That old indie-fanboy cliché of “I was there,” which James Murphy so memorably eviscerated in “Losing My Edge”? I avoid it like the plague. Coming across a nascent scene as it explodes is pure chance, so don’t wear it as a badge of honor.
That said… I did get into The Strokes pretty much right at the beginning. I heard their first single as it hit the college radio waves the first week of its release, in the early summer of 2001. I caught their first U.S. tour, with the Moldy Peaches, in a sparsely attended Tacoma venue that September, before the LP hit stores. I have the b-sides, the early bootlegs, all that. Of course, we all know the five photogenic, wan New Yorkers became international rock stars, trading magazine coverage and backlash cycles weekly. I didn’t really care, to be honest. Is This Is was and still is a fucking brilliant record. I’ve listened to it over a hundred times and pissed off many a girlfriend with my drunken analyses of the lyrics.
So I think I know what I’m talking about when I say The Strokes is the best science-fiction band in America.
1. Look at the videos, people.
This is a band whose second music video, for “Hard to Explain,” is an 80s hodgepodge of nerd nostalgia. And the video for the single off their followup record? TRON.
“Hard to Explain”
2. The Artwork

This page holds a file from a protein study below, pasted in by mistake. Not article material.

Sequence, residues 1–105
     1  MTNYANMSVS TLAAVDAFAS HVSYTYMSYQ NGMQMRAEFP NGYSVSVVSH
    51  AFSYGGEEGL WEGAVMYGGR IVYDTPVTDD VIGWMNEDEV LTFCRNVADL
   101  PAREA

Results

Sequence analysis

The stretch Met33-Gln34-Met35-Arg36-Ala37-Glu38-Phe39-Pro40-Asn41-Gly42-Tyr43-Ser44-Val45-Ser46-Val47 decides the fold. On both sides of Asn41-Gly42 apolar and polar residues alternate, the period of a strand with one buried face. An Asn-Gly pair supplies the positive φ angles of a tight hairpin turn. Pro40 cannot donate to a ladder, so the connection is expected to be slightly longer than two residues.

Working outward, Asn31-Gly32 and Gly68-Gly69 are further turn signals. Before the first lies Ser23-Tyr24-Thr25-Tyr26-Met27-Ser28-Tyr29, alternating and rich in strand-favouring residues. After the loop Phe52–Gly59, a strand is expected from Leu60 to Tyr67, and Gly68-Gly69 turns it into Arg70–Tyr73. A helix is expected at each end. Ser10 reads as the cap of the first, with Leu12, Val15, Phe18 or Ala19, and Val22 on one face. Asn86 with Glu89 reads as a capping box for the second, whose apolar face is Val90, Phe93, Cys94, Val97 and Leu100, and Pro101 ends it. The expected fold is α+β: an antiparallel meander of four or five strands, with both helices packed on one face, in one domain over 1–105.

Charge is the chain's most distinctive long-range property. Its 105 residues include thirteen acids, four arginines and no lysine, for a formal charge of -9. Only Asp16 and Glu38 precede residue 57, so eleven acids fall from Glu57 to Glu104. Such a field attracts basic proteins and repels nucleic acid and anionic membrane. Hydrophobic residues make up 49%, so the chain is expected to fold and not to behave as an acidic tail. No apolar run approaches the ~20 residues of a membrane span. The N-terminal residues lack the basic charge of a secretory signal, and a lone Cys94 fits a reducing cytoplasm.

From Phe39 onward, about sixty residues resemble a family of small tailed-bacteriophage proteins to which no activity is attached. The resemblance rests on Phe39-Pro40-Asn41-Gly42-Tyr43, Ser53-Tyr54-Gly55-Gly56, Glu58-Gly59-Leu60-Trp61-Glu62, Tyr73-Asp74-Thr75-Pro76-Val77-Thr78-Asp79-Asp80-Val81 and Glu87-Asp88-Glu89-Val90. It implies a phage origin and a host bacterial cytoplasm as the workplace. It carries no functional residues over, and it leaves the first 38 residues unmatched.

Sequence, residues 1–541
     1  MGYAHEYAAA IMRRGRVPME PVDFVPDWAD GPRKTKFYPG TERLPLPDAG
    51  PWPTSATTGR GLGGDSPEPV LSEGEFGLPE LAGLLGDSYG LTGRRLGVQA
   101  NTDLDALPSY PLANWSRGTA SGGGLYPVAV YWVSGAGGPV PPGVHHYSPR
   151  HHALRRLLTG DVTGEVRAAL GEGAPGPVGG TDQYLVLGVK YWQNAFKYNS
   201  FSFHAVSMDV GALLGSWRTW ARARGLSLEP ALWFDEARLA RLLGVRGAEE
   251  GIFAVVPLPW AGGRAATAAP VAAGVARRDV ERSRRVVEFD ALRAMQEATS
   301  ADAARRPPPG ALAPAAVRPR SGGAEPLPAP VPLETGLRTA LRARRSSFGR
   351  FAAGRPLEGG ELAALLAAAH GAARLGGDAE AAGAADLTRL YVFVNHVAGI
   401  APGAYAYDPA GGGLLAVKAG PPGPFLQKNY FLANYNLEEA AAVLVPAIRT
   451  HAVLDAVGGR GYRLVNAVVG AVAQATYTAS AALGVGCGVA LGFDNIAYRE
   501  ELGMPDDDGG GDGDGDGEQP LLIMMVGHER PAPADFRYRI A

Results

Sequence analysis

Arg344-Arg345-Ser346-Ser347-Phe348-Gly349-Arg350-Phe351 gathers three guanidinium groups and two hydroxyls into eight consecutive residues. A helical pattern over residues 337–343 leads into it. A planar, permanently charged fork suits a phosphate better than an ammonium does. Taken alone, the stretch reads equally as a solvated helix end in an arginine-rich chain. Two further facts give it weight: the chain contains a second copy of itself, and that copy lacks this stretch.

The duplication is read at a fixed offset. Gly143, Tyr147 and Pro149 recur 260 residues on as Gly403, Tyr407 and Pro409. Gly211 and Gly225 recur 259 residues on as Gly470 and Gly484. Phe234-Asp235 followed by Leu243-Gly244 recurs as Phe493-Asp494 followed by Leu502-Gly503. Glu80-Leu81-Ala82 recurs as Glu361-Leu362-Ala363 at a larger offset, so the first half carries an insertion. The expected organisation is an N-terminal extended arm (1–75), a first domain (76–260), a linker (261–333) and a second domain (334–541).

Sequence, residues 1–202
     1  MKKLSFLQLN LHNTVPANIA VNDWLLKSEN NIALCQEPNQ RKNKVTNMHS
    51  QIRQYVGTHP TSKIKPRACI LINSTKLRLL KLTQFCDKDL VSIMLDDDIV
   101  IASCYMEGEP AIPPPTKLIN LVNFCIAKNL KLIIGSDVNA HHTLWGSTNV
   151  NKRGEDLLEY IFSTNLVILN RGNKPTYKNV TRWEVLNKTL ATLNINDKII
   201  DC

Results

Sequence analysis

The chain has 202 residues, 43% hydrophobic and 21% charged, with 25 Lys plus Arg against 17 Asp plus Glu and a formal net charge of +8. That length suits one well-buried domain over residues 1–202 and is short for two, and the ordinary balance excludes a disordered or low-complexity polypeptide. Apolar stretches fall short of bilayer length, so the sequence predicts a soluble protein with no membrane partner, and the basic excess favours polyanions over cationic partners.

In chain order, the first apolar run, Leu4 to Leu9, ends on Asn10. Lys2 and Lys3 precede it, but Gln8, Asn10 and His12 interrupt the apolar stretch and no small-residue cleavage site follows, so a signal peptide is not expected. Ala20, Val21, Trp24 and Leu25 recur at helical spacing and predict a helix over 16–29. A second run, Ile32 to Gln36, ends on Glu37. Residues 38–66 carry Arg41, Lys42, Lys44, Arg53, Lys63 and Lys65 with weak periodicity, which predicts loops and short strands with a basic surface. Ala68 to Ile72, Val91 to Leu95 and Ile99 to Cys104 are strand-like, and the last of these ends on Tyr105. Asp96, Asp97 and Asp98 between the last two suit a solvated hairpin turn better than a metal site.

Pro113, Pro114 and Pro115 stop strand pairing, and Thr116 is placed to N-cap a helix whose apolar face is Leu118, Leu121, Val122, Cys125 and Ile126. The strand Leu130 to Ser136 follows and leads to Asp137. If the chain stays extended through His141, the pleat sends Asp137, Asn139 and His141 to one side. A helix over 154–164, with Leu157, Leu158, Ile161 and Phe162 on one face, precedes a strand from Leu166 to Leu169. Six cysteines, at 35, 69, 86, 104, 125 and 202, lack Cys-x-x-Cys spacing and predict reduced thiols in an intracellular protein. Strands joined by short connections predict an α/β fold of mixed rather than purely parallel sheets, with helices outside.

If I’m pretty sure Interpol hates naming their songs, I’m definitely sure The Strokes don’t care about their disc artwork. The aesthetic of the records, EPs, posters, websites, etc. is purposefully all over the map, as if to call attention to the fallacy between rock’s sound and image. Still, guess where they grabbed the image for the U.S. cover of their debut? That’s right: the Big European Bubble Chamber. For a more recent example, take a gander at the cover for “11th Dimension,” Julian Casablancas’ single of his solo effort.
3. The Lyrics
Their third LP is called First Impressions of Earth, which sounds like an extraterrestrial’s journal. “11 Dimension” has lines like “Man was on the wings of robots” and “You’re looking for your own voice, but you’re nervous/ While it leaves you trapped in another dimension.” Sure, these guys work the old reliables like relationships, drinking, and parties, but they also explore the real shit too. Like robots and other dimensions.
4. Because Mark Mothersbaugh Is Old
I’m sorry, but it’s true. He scores Wes Anderson films now. He can’t carry the Devo torch forever. The Strokes have their own unmistakable look, like Devo, albeit with less flamboyant headgear.
The Strokes are recording their fourth album right now. I hope it’s called The Singularity.